How did we forget about Noisettes?

Noisettes performing in Bucharest, 2011.
Credit: Mihai Radulescu (CC 2.0 – Source)

Noisette’s brought a Soul twist to the Indie scene, and I can’t help feeling we’re missing it today.

The chorus of ‘Don’t Upset The Rhythm’ is an absolute classic. Hum it for long enough, and you’ll bump into someone who knows it too. After a week of rediscovering the Noisette’s back catalogue, my flatmate clocked it. “I remember that” he said. So how come what they offered as a band isn’t remembered so well?

Perhaps I’m letting downtrodden nostalgia get the better of me, but I think it’s a shame that the band’s 2009 album Wild Young Hearts, which brought them their greatest critical and commercial success, doesn’t seem to be held in the high regard it frankly deserves. Three incredible singles, a brilliant album cover, and a distinctive, superbly produced sound that captured the metropolitan cool of late noughties London. You can’t go wrong frankly.

You can’t go wrong with an album cover like that.
Credit: Vertigo Records / Mercury Records

It’s that title track that really sells it for me. It was only thanks to the fact that I put ‘Wild Young Hearts’ on a Spotify playlist years ago and it happened to come on shuffle that I even ended up writing this, but man did the lyrics hit hard. A nostalgic tune about young romance and its tendency to burn too quickly. “I’m not what I was last summer // Not who I was in spring”; now that’s what I call being seen.

And then there’s that stunning riff on ‘Don’t Upset The Rhythm’, every instrument strutting about on your speakers, bringing pop catchiness with edge. They even throw some strings in there to close out its tumultuous ending; this was a band that had flare and fire for sure.

“Shingai…sang in a way that captured the diversity of London, as though their music could soundtrack walking through the city on a summer’s day.”

Noisettes worked because they brought something unique to the table. As a band, their penchant for replicating the texture of Soul was their bread and butter, offering something warmer than the more happy-clappy indie of Vampire Weekend or the Garage rock-infused sound of the Arctic Monkeys.

And with a black front woman and bassist, their scope felt like it could achieve more than their contemporaries. Shingai Shoniwai, born and raised in Lewisham to Zimbabwean parents, sang in a way that captured the diversity of London, as though their music could soundtrack walking through the city on a summer’s day. The ups and downs of uber-urban life shine through her every word.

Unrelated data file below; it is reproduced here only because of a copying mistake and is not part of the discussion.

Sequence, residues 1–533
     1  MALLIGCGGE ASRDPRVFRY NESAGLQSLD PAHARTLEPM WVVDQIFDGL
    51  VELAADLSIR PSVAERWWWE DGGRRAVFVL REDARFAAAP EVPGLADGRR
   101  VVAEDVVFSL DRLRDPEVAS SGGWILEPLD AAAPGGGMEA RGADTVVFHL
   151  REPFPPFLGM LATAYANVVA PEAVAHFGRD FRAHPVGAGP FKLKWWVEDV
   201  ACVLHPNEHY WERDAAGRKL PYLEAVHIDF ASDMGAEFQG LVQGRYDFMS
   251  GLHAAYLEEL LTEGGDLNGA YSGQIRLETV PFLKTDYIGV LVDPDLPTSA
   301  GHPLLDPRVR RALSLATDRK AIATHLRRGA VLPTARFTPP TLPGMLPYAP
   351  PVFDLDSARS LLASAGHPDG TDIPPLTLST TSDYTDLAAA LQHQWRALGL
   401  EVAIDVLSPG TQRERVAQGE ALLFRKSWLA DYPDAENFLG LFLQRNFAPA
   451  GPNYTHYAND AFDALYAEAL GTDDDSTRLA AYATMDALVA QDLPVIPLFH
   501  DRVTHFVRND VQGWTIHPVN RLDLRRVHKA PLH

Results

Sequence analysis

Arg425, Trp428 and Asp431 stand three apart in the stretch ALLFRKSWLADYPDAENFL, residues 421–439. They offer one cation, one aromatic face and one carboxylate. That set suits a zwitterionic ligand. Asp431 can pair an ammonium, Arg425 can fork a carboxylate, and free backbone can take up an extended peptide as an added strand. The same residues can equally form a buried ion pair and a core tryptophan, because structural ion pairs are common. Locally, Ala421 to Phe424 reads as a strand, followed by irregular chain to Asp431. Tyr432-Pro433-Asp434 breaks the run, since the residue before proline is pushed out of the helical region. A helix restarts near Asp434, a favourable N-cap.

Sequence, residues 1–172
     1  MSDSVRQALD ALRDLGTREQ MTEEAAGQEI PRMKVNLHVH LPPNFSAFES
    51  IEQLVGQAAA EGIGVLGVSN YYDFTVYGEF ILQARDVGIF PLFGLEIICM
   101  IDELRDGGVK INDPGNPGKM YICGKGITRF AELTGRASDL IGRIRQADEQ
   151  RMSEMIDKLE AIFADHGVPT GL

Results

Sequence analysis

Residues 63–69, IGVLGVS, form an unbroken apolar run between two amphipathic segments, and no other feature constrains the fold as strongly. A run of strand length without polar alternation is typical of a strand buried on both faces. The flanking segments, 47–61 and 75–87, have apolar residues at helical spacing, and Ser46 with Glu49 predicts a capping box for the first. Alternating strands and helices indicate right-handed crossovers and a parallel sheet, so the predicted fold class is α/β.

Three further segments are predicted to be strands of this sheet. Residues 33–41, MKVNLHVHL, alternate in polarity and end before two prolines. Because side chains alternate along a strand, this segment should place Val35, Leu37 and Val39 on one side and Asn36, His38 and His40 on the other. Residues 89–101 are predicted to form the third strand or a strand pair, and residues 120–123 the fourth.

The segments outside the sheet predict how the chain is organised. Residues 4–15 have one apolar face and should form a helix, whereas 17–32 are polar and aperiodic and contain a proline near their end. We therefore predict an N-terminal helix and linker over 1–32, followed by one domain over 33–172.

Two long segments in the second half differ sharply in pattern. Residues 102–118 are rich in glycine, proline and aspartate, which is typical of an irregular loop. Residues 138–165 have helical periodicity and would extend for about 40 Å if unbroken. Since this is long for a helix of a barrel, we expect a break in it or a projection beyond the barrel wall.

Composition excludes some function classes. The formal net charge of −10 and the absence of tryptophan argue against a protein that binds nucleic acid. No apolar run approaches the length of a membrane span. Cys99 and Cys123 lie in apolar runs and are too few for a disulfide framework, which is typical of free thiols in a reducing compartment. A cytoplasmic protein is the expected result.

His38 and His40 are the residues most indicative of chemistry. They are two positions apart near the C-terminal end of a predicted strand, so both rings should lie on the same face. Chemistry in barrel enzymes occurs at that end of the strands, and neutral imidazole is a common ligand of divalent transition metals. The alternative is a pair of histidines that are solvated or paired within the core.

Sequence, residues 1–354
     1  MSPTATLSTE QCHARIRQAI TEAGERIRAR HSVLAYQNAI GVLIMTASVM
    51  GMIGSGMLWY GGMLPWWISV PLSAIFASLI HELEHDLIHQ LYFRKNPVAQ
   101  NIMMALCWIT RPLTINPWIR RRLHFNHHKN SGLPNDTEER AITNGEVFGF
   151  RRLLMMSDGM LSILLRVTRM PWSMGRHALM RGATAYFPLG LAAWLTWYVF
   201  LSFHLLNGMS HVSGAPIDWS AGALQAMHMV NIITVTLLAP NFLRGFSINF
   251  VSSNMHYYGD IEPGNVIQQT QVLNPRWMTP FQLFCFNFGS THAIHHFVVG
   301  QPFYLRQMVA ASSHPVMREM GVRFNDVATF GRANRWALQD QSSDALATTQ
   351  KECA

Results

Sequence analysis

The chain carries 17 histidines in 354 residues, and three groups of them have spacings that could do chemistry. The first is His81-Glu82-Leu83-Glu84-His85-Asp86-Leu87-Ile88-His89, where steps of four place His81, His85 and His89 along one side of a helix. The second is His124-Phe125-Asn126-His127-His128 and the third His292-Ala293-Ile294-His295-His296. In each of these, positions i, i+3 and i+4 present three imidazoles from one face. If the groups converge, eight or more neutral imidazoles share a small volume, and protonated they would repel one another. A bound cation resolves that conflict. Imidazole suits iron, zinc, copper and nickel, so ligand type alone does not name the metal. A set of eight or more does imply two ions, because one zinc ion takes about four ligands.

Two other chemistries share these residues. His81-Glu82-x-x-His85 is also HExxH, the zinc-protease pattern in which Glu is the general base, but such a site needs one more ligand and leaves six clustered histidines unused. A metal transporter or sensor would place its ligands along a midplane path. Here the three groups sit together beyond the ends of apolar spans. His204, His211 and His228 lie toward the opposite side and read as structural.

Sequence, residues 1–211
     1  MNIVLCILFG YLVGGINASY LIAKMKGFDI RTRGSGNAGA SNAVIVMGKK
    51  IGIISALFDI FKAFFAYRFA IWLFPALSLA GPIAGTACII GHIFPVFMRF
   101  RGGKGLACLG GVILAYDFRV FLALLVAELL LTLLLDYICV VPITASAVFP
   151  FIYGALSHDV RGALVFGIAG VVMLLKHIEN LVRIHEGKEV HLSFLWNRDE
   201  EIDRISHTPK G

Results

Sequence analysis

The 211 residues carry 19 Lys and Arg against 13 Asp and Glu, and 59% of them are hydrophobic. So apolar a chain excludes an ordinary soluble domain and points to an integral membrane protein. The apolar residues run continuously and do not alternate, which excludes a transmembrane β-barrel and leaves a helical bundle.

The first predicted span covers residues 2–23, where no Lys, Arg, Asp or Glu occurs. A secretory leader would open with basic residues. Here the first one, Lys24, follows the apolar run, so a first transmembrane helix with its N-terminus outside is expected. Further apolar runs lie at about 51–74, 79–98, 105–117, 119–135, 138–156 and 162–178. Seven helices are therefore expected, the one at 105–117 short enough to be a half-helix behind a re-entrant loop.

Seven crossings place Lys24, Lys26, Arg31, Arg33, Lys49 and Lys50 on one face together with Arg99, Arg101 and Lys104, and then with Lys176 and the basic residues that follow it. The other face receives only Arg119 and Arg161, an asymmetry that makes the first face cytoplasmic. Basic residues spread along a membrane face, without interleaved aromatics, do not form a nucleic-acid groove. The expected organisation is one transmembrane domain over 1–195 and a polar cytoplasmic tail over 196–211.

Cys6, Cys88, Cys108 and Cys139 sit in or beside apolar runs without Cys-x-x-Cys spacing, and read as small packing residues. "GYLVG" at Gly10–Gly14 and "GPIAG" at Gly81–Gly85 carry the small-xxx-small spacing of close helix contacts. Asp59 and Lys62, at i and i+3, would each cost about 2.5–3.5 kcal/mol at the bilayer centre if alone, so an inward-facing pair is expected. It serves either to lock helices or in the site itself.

Noisettes performing in Paris, 2009
Credit: Julien Chatelain (CC 2.0 – Source)

Today’s Indie and Alternative scene in the UK is certainly not lacking in ideas, wrestling with the struggles of a youth raised under 10 years of Tory rule. But it’s missing someone like Shoniwai’s perspective to bridge a gap between the music communities and their ethnic diversities that exist today.

Here’s a front woman who brought the most fantastic outfits to live performances in a scene stereotypically associated with black skinny jeans and flannel shirts, boundless energy – just look at their music videos – and a band who’s sound ventured to create something genuinely unique – Indie Soul.

Today, we have Indie music blending Britpop and dance sensibilities, and an Alternative scene reinterpreting the Post-Punk format. The experimentation is more in pushing those sounds further, rather than looking to something like Soul. In a time when music like this has a restless need to vent out its anger at the world, Soul’s softer touch might not offer fulfill that need.

Here’s the thing though – Noisettes garnered serious popularity.

They scored a #2 hit, played Glastonbury and V Festival to name a few, and garnered critical praise on their albums. More to the point, it’s hard to think of a band more suited to a festival set with such a feel-good attitude and a cracking catalogue of bangers to play.

Perhaps its a lack of influence and impact that is to blame, and that’s something no amount of wishful thinking will change. Nostalgia too is a cunning force, and is more than capable of blowing things up to larger-than-reality scale. Indie Soul as an idea is quite the niche afterall.

“With a sound that remains unique to itself, its a record that still sounds a fresh as it did 11 years ago.”

Which makes it all the better that a band like Noisettes gave it life. Wild Young Hearts arrives in such fully-formed fashion, brandishing its big hits and offering plenty to explore. With a sound that remains unique to itself, its a record that still sounds a fresh as it did 11 years ago.

Listening to it now, I long for a talent like Shoniwai on the Indie and Alternative scene today. She herself has been releasing some great solo material this year, heading into the realm of experimental RnB. The community-crossing elements that made the band’s material what it was, however, aren’t the same.

Noisettes deserve their place in the history of British Indie, and their discography is one that I cherish.

Munro Page

Munro Page is a music blogger and former student radio host based in Cardiff, Wales. He likes: thrift stores, cooking and parrots. He dislikes: chain restaurants, the M25 and Simply Red.

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